New Delhi: The headline inflation slowed slightly in October but was still high enough to be a headache for the central bank and the government as they struggle to tame prices and revive flagging growth ahead of elections.

Wholesale prices - main inflation gauge - rose an annual 7.45 percent, data showed on Wednesday. That was down from the 7.81 percent reported in September, as food and fuel prices rose less quickly, and less than the 7.96 percent predicted in a poll of analysts.

"The number is better than what most people had expected, but based on the past experiences there is a likelihood of the numbers getting revised," said Rupa Rege Nitsure, Chief Economist, Bank of Baroda, Mumbai.

The government revised up August inflation to 8.01 percent from 7.55 percent initially reported.

With the economy on track to post its weakest growth in a decade, the government is pressing the central bank to help revive economic activity ahead of a general election due in just over a year, with several state polls looming before that.

Dismal data on Monday saw the monthly trade deficit climb to its highest-ever level and a surprise contraction in industrial production, dashing hopes that the economy was regaining traction.

But the Reserve Bank of India (RBI) has so far rebuffed calls for lower interest rates, saying prices are still rising too fast to risk loosening policy much.  

The next monetary policy review is due in December.

"The Reserve Bank will wait till the headline inflation falls by 100 basis points more. The government is putting pressure, but the Reserve Bank will not succumb to that pressure until the inflation comes down to the comfort zone," Rupa Rege Nitsure said.

Prime Minister Manmohan Singh said in a speech over the weekend that his government had "dispelled doom and gloom" about the economy with a series of policy steps, including curbing fuel subsidies and liberalising foreign investment rules.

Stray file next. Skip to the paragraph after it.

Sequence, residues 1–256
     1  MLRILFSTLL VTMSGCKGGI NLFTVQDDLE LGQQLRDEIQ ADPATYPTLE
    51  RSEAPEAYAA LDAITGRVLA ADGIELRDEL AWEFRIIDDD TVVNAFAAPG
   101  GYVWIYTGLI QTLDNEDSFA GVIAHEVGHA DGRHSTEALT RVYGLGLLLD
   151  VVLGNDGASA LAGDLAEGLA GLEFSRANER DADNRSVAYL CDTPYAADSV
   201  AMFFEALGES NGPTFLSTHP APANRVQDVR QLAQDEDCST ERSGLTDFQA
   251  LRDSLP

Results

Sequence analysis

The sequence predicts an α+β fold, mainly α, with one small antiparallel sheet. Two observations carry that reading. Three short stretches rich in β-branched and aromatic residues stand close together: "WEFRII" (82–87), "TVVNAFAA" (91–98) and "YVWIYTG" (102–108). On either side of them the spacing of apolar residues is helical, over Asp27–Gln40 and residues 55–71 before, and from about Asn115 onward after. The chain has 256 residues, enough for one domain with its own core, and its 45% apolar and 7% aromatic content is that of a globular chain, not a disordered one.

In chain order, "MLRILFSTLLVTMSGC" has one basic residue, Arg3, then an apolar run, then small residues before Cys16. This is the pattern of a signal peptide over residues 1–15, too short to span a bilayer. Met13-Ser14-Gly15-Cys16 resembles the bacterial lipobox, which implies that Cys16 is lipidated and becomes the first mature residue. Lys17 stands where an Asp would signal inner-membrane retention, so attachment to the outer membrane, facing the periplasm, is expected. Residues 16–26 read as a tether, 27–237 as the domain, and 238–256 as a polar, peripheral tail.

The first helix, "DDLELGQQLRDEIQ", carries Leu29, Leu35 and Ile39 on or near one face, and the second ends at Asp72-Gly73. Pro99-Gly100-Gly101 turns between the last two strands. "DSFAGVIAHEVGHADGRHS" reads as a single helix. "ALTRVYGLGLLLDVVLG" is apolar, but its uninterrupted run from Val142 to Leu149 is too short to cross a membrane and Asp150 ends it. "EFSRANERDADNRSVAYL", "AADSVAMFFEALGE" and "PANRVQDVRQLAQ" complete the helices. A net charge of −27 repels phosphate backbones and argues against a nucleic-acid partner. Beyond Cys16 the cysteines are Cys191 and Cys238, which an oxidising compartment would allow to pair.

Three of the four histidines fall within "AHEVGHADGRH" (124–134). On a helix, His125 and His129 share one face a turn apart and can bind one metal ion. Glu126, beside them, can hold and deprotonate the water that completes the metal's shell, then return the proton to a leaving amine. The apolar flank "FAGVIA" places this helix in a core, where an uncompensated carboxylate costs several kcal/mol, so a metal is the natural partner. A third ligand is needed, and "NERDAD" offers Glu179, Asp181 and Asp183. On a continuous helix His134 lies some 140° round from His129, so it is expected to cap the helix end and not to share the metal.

But investors are clamouring for the government to do more. They want Singh to push ahead with a reform agenda that has progressed fitfully, calling for a more business-friendly tax regime and speedier clearances for infrastructure projects.

For its part, the government is trying hard to get the economy back on track to bolster its re-election bid in 2014.

COMMENTARY

SHUBHADA RAO, CHIEF ECONOMIST, YES BANK, MUMBAI

"This has come in below our expectations... with all probability it is likely that core inflation momentum may have seen some easing.

"Even at 7.45, it is still above the comfort zone (of the central bank) and RBI (Reserve Bank of India) would want to see a sustained drop in this inflation trend... I think we need to see a couple more months particularly in core inflation trending lower to give some confidence to RBI.

"Clearly, a lot of these pressures are still evidently supply-side driven. So the fiscal consolidation has to be more meaningful to allow a more sustainable downtrend in inflation trajectory."  

LEIF ESKESEN, CHIEF ECONOMIST FOR INDIA AND ASEAN, HSBC, SINGAPORE

"The inflation data is a surprise. It shows food inflation is lower than expected. But the underlying inflationary pressures are firm, and this number is not necessarily sufficient to change the Reserve Bank of India's reluctance to cut interest rates."

RUPA REGE NITSURE, CHIEF ECONOMIST, BANK OF BARODA, MUMBAI

"The number is better than what most people had expected, but based on the past experiences there is a likelihood of the numbers getting revised.

"The Reserve Bank will wait till the headline inflation falls by 100 basis points more. The government is putting pressure, but the Reserve Bank will not succumb to that pressure until the inflation comes down to the comfort zone."    

BACKGROUND

- Industrial production unexpectedly shrank an annual 0.4 percent in September, compared with a forecasts of a rise of 2.8 percent in a Reuters poll.

-  India's annual consumer price inflation rose in October to 9.75 percent, government data showed.

- India's manufacturing growth inched up in October from September's 10-month low, supported by a pick up in new orders and an easing of price pressures.

- India's services sector grew at its slowest pace in six months during October as weakness in the United States and Europe hurt orders and forced firms to hire fewer workers, suggesting the worst of the economic slump is not over yet.  

- The Reserve Bank of India may ease monetary policy as early as January, Governor Duvvuri Subbarao said, as price pressures ease in Asia's third-largest economy in the first part of next year on the back of slower growth.

- The central bank left interest rates on hold last month but cut the cash reserve ratio for banks, defying pressure from the government to lower rates for the first time since April but also indicating it may ease policy in early 2013.  

(Agencies)

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